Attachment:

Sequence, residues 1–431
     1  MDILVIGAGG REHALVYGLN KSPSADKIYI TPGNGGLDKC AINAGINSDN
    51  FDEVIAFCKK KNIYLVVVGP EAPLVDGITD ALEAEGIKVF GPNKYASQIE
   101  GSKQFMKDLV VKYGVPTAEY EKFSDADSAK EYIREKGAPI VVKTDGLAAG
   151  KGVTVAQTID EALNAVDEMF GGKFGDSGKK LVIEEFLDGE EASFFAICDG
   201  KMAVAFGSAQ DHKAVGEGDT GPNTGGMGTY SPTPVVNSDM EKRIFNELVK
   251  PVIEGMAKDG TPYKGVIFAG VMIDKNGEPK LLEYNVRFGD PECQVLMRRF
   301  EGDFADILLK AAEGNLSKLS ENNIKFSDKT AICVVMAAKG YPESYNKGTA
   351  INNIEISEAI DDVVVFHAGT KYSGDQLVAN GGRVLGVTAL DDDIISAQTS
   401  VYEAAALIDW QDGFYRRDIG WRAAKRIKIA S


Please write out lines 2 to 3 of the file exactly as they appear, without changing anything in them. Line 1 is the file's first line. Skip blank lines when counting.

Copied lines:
     1  MDILVIGAGG REHALVYGLN KSPSADKIYI TPGNGGLDKC AINAGINSDN
    51  FDEVIAFCKK KNIYLVVVGP EAPLVDGITD ALEAEGIKVF GPNKYASQIE